George Byarugaba – Uganda
Father, University of the Western Cape

George William Byarugaba is a Catholic priest that was born in Uganda. His primary, secondary, and undergraduate studies were done in Uganda. He obtained his undergraduate degrees in Philosophy and Divinity from Urbanian and Makerere Universities respectively. In 1996, he moved to Kokstad diocese–South Africa, to work as Fidei Donum priest. In 2004, George got a Master’s degree in Philosophy, specialized in Education Leadership and Management from St. Augustine’s College of South Africa. From 2007-2012, he was studying at Santa Clara University-California where he obtained a Licentiate and Doctorate in Christian ethics. Presently, George is tutoring ethics at the University of the Western Cape.

Karin Calitz – South Africa
Professor, Faculty of Law, University of Stellenbosch

Karin Calitz is an Associate Professor, teaching Labour Law at the Stellenbosch University.  She has published on various themes in the labour law field, inter alia the legal position of vulnerable groups such as farm workers, domestic workers, child workers and victims of sexual harassment. 

Pieter Coertzen – South Africa
Faculty of Theology, Stellenbosch University

Prof. Pieter Coertzen was born on 20 April 1943 in Boksburg, South Africa. He obtained seven degrees: BA (1963), BA Hons (1964) and MA in Philosophy (1970) - all cum laude at the former Pothefstroom University for Christian Higher Education (currently North West University). Meanwhile, he also obtained his Bachelor of Theology (1967), Licentiate in Theology (1968) and Master of Theology in Ecclesiology (1969) - all three cum laude at the University of Stellenbosch. He obtained his doctors degree in Theology (Ecclesiology) in 1976 also at the University of Stellenbosch. At the same time (November 1970 to September 1974) he was the parish minister of the Dutch Reformed Church in Dundee, Natal and from October 1974 until the end of 1976 he was student minister at the Dutch Reformed Church Potchefstroom-North. He was called as Senior Lecturer in Ecclesiology at the Faculty of Theology (University of Stellenbosch) in 1977. In 1988 he became professor and from 1995 to 1997, he was the Dean of the Faculty. During this time the Dutch Reformed Church Franschhoek also called him as associated minister.. Here he served (since 3 September 1995 until 20 April 2008) with Rev. Willie van Zyl, Dr. Johan Spies, Rev. Chris Crause and Rev. Bossie Minnaar. From 1991 to 1999 he was actuarius (Church Law Advisor) of the Dutch Reformed Church in South Africa (Western and Southern Cape) and from 1994 to 2004 the actuarius of the General Synod of the Dutch Reformed Church. Since the early eighties he also served in the the Church Law Committees of the Synod of the Dutch Reformed Church in South Africa (Western and Southern Cape) and of the General Synod. Professor Coertzen retired in April 2004 as a lecturer at the Faculty of Theology, but he was immediately appointed as Extraordinary Professor in Comparative Church Law at the Catholic University of Louvain and at the Faculty of Theology of the University of Stellenbosch. He was (and is) very active as scholar and theologian. The NGTT (of which he has been the editor for years) published 36 of his articles. He has written 14 books and is also co-author or editor of 26 publications. He also wrote numerous articles in other journals, bulletins and journals. His two main book publications are Die Hugenote van Suid-Afrika 1688 – 1988 and Ordelik en Gepas. ‘n Teologiese verantwoording van die Orde vir en in die Kerk. Both works are translated in English. Although he formally retired as teacher, it is definitely not a quiet time for him. In addition to his teaching duties at Stellenbosch and Leuven he was chairman of the Huguenot Memorial Museum in Franschhoek, where major expansions are planned. He was also the Chairman of the organizing committee for the Seminary's 150-year celebrations in 2009 and the editor of the festschrift over the Seminary. He is also the chairman of a committee that that is preparing a Charter of Religious Rights for South Africa for possible adoption by the Parliament. In addition, he continues his research on Religious Freedom and the relationship between Church and State in the light of the Constitution.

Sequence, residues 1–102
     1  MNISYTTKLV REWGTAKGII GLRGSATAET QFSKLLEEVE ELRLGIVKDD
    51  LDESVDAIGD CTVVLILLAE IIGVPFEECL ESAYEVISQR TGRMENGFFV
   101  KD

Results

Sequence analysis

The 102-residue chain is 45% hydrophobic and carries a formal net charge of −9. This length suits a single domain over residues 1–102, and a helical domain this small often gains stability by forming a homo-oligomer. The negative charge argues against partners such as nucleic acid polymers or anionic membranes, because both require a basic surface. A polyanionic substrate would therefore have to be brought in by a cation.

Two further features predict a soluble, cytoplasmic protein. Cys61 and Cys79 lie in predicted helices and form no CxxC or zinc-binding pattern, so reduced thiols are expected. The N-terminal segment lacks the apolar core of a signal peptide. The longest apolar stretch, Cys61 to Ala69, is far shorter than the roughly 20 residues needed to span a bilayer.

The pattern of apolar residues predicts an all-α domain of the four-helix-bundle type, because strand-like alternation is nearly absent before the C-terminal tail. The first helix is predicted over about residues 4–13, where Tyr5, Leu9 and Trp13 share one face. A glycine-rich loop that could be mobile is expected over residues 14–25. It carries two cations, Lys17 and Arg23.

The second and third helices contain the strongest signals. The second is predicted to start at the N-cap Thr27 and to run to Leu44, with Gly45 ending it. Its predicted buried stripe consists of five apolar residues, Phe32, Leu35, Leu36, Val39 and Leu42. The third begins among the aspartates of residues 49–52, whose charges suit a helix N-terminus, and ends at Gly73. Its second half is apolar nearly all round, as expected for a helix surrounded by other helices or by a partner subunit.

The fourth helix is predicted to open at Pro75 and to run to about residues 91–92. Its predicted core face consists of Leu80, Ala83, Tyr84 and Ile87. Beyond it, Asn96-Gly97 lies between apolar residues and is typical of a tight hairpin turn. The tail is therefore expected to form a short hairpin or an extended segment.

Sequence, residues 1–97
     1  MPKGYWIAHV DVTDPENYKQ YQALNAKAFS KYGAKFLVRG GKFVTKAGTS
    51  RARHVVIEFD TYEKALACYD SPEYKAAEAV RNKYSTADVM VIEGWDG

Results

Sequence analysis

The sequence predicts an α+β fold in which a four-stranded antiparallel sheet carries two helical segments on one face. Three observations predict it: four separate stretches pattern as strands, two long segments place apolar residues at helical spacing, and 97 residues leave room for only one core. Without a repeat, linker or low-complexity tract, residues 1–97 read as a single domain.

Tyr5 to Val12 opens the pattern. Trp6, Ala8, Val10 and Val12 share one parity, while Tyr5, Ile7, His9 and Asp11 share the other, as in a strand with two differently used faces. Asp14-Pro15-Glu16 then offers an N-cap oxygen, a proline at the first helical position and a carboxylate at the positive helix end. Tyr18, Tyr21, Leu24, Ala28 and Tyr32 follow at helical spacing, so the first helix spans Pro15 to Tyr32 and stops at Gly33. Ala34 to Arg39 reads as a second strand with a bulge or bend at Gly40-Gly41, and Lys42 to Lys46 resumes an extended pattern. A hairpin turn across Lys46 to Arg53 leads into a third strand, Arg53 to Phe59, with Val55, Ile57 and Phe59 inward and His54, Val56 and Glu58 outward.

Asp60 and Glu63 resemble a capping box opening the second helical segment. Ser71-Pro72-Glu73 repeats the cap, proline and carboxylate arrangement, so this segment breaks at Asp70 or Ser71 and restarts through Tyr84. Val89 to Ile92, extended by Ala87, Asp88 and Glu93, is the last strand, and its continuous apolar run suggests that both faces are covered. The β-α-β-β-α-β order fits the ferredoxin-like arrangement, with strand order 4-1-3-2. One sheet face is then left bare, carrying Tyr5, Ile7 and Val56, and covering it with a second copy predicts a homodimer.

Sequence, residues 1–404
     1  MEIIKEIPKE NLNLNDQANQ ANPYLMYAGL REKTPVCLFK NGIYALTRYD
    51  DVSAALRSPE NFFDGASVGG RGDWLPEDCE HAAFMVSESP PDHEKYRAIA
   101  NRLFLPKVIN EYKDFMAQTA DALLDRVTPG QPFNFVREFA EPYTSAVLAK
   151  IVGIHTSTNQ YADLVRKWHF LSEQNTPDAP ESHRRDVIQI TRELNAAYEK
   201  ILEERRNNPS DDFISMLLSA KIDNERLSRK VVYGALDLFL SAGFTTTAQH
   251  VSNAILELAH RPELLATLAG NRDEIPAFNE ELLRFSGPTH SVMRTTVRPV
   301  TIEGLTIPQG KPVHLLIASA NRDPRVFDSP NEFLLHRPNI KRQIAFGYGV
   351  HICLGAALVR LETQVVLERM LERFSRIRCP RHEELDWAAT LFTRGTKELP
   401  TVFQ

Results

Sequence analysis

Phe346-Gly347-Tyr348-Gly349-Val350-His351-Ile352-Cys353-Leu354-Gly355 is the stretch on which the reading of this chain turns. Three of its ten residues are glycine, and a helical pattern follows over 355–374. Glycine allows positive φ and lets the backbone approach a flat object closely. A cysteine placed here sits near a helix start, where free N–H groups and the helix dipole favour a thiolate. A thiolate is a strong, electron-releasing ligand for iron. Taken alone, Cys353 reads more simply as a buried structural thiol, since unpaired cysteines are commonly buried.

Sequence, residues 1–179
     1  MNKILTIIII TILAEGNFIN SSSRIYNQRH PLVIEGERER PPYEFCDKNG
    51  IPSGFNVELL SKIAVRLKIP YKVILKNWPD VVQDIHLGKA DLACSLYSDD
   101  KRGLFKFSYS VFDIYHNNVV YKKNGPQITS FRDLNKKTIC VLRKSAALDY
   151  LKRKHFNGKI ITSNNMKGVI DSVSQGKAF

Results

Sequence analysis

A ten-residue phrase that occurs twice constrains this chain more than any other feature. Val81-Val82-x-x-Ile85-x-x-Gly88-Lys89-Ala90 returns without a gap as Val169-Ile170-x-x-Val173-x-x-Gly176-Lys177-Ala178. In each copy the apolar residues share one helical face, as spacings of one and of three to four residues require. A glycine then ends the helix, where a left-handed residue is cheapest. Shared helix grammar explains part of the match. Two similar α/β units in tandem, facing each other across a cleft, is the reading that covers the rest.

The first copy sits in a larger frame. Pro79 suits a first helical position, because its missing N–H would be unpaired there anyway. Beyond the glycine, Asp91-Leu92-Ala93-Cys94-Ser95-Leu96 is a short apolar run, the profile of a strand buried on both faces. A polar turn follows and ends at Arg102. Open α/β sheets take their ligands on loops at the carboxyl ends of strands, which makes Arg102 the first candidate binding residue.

Shaun de Freitas – South Africa
Professor, University of the Free State